The next-generation film-based perovskite photovoltaic module of Toshiba Corporation is an epoch-making technology with high potential. It is light and easy to bend, can be installed in various places, and can even convert the entire city into a power plant. Toshiba used a simple deposition process to achieve 15.1 percent conversion efficiency.
The solar cell received the “Minister of Economy, Trade and Industry Award”, which is the highest award given at the CEATEC AWARD 2021 during the CEATEC 2021 ONLINE. It also won the “Minister of Internal Affairs and Communications Award,” and the Grand Prix in the carbon neutral category (Category Awards). During the evaluation, the solar cell was regarded for practical use and contribution to the expansion of renewable energy.
Renewable as Future Energy Source
The renewable energy is seen as the future main power source. Based on plans, renewable energy would chunk up about 36 to 38 percent of power generation in 2030 and about 50 to 60 percent in 2050. In particular, an increase in the amount of power generated by solar power is indispensable for the realization of carbon neutrality. In addition to improving the power generation efficiency, it is necessary to significantly expand the installation location.
While conventional mainstream crystalline silicon solar cells have high efficiency, the places suitable for installation are limited because of their weight and shape. To further expand solar power generation, it is necessary to develop a solar cell that can be installed in various places. It should have a conversion efficiency comparable to that of crystalline silicon.
Turning a City into Power Plant
Film-based perovskite photovoltaic modules are attracting attention as next-generation photovoltaics. This Japanese technology was invented by Professor Tsutomu Miyasaka of Toin University of Yokohama in 2009 and is considered as worthy of a Nobel Prize. Today, international competitions are being intensified for their practical use.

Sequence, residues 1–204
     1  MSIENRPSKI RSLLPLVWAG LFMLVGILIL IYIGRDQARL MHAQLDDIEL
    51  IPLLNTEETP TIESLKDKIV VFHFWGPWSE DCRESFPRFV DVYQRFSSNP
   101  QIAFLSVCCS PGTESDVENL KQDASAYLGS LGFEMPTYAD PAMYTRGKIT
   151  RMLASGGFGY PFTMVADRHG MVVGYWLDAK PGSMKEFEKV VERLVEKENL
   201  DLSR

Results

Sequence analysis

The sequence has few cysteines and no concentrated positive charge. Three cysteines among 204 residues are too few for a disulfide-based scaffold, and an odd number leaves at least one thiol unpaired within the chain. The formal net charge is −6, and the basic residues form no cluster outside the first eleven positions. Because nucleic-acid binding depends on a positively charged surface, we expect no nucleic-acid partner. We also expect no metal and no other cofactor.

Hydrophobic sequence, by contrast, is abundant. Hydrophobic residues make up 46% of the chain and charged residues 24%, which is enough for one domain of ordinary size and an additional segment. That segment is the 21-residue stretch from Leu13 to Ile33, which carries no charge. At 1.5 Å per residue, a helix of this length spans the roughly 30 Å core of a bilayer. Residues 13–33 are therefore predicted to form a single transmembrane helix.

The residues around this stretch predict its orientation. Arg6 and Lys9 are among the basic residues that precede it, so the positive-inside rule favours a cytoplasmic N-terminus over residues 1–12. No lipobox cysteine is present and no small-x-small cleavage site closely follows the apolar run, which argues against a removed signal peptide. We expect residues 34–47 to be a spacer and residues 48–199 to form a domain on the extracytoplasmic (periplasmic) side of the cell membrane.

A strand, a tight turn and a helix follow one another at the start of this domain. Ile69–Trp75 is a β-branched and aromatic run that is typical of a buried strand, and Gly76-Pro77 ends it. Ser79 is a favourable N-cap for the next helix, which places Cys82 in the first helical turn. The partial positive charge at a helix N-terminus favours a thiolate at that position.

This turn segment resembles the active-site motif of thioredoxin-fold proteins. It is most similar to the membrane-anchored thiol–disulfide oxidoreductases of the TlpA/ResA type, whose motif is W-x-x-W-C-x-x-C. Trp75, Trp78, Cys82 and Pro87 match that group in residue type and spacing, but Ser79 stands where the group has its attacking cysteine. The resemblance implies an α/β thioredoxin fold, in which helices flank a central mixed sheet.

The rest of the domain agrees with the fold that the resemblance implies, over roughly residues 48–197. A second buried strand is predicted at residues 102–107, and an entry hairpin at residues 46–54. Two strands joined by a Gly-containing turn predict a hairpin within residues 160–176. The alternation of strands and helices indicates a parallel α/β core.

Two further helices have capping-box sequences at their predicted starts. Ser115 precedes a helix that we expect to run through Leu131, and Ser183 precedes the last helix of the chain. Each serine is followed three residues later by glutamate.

Simpler Deposition Process
Toshiba has developed a film deposition technology in which a perovskite layer is deposited in one step. This was simpler than the two steps required in conventional technology. The new process overcame the speeding up of film deposition process and making uniform the perovskite layer composition. It utilized a coating technique using meniscus, or a curved surface created by the surface of liquid in the gap due to interfacial tension.
As a result, uniform application over a large area has become possible. This sped up production process and improved energy conversion efficiency, which remained difficult until now. The company set a new energy conversion efficiency of 15.1 percent, up 1 percent from its conventional solar cell. It has entered the efficiency range of polycrystalline silicon solar cells, according to the person in charge.
The new solar cells are easily installed on rooftops and walls of buildings, factory roofs – a challenge with conventional solar cells. They can also generate electricity even under the shade. They can contribute to a carbon-neutral society by enabling spread of renewable energy through mass installation in urban areas.
Expectations are quite high in the industrial world. According to Sumitomo Bakelite Co., Ltd., if the film-based module is put into practical use, the company will introduce it on a large scale.
Kenji Todori, Senior Expert at Toshiba’s Corporate Research & Development Center said, “We are deeply honored to receive the prestigious award. We will proceed with research and development and try to put the solar cell into practical use as soon as possible as we aim to contribute to a carbon-neutral society, .”
Toshiba will continue to improve the solar cell’s efficiency in the future.